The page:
What else would happen to tawny down under blacklight except colorize, tie dye, and astound? Elysian fields gotta bloom somewhere. Except to say that humans made Elysium up, sending our measly derricks plumb down— and springhares invented this: secret libraries erected in open air, paper-marbled volumes spiraled sky high from ground to whiskered cornice. My life had stood a pastoral poem green and pristine. Undiscovered glens waiting for a hippie with a tab to find them or a medicine woman with mortar and pestle to grind them. Here I am, a child of the ‘80s just biding One Day at a Time, waiting for Schneider, my building’s hapless super, to show up sheepishly wielding the ultimate boon: one bulb of black light. Meanwhile, springhares wear Jupiter’s clouds as hidden skin and platypuses have settled in, gliding past permission and pictures. They’re out here living— disco ball dancing to music subdermal, platypussing through midnight water, emerging beaded in flamboyant kit. River-glittered Janus, dancer at a rave, she knows it’s last call, boogies on her plot, bucks up her bill, and shoots her shot. I want to go with her. I want to go. To a place where what swirls beneath our surface is only: B E T T E R Signifying nothing other than fuck it— let’s be beautiful in this tangle of roots together. In darkness, I watch her bright body streak, course, and dart. Her expression flickers. I’m a mirror. What’s here is there, within, without. Whether we’re ENOUGH is an absurd question. Head to toe, we’re animals efflorescent— bodypainted in poetry underneath selfsame coats. ____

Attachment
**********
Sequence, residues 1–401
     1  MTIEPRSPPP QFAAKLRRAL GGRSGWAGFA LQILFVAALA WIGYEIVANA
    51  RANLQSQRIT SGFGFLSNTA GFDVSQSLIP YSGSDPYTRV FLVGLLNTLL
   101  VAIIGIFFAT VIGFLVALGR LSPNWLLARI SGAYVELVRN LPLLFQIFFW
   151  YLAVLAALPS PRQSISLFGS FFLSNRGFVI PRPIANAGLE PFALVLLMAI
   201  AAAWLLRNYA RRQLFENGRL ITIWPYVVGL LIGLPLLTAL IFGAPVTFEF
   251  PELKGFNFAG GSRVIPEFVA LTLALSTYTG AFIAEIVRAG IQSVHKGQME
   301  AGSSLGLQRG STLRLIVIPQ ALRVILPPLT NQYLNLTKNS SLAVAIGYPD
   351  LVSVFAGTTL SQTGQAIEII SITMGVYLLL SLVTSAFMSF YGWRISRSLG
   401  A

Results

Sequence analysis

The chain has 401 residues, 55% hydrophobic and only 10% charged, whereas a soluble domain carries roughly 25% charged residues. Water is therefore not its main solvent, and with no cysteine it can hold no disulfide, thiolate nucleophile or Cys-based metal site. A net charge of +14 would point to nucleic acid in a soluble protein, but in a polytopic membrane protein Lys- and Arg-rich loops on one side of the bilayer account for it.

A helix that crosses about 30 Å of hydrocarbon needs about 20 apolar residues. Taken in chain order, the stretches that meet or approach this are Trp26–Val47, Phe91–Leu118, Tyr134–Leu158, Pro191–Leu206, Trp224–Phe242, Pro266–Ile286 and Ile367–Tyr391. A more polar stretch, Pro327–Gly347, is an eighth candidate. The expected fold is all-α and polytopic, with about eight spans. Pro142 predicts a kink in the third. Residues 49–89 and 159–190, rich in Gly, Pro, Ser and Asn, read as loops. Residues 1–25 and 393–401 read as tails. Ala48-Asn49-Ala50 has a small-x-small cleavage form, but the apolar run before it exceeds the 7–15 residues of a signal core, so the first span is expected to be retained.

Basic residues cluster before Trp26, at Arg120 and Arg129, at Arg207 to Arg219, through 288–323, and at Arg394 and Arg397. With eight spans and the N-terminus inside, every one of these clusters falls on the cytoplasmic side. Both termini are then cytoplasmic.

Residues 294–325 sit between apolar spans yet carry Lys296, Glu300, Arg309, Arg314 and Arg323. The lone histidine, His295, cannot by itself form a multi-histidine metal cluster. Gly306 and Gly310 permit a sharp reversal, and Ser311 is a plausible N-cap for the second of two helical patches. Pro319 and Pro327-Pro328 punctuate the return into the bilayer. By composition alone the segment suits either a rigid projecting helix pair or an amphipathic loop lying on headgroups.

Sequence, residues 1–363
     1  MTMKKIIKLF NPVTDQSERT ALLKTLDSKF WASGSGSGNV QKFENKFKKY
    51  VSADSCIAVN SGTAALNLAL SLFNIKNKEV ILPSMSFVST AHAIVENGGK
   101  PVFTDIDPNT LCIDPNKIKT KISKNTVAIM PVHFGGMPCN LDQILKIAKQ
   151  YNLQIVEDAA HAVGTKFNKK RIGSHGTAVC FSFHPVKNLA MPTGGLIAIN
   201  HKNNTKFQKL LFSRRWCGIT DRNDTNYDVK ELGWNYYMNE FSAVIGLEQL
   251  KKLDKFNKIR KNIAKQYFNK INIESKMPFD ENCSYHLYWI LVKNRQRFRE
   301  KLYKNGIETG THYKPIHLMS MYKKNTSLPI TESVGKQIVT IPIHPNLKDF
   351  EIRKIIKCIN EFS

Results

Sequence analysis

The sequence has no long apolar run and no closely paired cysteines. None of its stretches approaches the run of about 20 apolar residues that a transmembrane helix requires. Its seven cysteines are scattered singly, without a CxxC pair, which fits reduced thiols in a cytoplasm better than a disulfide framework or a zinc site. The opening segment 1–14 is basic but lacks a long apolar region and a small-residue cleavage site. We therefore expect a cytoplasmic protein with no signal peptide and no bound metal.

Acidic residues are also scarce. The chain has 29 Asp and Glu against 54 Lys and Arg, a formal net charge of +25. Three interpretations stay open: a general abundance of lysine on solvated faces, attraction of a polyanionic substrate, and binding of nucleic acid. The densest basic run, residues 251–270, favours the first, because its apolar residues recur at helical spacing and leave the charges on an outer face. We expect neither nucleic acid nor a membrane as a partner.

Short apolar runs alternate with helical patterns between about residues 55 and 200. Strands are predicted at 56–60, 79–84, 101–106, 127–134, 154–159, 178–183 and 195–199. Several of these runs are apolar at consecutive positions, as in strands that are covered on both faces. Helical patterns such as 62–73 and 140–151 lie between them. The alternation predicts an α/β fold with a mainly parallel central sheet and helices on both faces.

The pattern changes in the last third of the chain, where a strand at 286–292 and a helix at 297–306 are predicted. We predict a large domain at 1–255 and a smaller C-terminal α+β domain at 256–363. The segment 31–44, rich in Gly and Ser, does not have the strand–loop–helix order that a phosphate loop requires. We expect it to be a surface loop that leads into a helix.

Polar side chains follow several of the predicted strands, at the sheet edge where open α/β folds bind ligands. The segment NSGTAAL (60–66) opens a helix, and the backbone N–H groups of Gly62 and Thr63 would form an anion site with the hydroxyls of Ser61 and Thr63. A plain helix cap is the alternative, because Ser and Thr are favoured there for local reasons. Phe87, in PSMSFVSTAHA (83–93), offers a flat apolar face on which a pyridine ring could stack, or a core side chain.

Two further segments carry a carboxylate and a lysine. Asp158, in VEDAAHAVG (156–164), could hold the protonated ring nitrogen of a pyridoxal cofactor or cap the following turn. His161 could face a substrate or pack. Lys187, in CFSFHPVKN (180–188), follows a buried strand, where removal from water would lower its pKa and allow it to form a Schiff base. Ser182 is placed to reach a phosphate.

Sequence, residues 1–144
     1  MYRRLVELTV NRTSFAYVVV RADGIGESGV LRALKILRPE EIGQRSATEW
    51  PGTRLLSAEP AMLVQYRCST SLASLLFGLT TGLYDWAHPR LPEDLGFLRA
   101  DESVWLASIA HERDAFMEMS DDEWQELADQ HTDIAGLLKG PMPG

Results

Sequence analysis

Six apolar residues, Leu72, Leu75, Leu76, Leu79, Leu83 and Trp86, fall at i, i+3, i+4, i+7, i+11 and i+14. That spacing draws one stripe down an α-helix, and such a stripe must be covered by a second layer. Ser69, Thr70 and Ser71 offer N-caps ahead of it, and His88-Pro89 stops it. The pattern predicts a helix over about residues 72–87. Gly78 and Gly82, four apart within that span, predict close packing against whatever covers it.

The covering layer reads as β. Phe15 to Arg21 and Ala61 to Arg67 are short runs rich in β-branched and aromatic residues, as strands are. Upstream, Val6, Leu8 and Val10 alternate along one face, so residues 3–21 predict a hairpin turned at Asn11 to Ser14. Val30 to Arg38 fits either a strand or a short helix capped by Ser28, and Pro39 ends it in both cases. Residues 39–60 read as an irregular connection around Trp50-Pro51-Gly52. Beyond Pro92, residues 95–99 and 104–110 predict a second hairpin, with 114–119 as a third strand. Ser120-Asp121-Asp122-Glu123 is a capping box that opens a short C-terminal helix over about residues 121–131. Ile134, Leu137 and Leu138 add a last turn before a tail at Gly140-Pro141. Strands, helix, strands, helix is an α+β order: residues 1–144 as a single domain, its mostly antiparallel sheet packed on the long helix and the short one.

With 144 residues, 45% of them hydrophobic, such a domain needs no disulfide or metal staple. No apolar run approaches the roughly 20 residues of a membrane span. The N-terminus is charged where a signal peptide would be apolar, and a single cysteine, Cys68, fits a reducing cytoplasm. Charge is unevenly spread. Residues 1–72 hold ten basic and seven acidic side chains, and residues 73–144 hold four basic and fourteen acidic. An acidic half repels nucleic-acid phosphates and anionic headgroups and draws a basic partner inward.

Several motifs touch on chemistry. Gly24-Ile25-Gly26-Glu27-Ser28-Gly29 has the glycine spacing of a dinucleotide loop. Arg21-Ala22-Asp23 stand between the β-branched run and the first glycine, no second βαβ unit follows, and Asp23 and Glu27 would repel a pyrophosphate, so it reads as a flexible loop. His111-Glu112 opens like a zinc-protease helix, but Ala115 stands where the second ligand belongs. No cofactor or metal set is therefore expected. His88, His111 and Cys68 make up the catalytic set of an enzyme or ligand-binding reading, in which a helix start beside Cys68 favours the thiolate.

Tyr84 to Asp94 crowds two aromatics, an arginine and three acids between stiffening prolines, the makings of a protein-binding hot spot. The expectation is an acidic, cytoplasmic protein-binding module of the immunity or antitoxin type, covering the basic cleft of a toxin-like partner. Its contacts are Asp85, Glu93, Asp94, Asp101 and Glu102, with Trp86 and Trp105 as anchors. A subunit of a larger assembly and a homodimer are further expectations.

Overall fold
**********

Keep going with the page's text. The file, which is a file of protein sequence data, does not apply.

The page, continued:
L.J. Sysko’s work has appeared/is forthcoming in Ploughshares, BEST NEW POETS, Radar, Limp Wrist, SWWIM Every Day, and Painted Bride Quarterly, among others. BATTLEDORE, poems of early motherhood, was published as a chapbook in 2017 (Finishing Line Press). A 2022 Palm Beach Poetry Festival Thomas Lux Scholar, Sysko has been honored with both Virginia Center for Creative Arts and Delaware Division of the Arts Fellowships; her poetry has twice been shortlisted for the Fish Publishing Prize, judged by Billy Collins, and has earned finalist recognition from Marsh Hawk Press and The Pinch, among others. She is a reader for The Common and a Delaware State Arts Council board member; she can be found online at ljsysko.com.